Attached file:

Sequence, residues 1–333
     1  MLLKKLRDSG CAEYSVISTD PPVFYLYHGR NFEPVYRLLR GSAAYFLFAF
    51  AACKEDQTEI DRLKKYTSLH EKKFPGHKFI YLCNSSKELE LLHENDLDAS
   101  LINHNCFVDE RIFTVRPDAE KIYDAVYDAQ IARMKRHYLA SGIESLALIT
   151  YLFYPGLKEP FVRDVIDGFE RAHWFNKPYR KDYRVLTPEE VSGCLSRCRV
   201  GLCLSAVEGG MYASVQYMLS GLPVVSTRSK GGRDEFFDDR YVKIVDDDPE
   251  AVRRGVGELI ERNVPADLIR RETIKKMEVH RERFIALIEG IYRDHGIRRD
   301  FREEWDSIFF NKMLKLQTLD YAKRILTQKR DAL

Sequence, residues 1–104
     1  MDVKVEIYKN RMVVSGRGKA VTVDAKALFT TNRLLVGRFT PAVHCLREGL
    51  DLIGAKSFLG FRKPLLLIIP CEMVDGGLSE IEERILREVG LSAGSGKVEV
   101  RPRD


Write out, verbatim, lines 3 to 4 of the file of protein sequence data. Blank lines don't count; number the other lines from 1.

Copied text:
    51  AACKEDQTEI DRLKKYTSLH EKKFPGHKFI YLCNSSKELE LLHENDLDAS
   101  LINHNCFVDE RIFTVRPDAE KIYDAVYDAQ IARMKRHYLA SGIESLALIT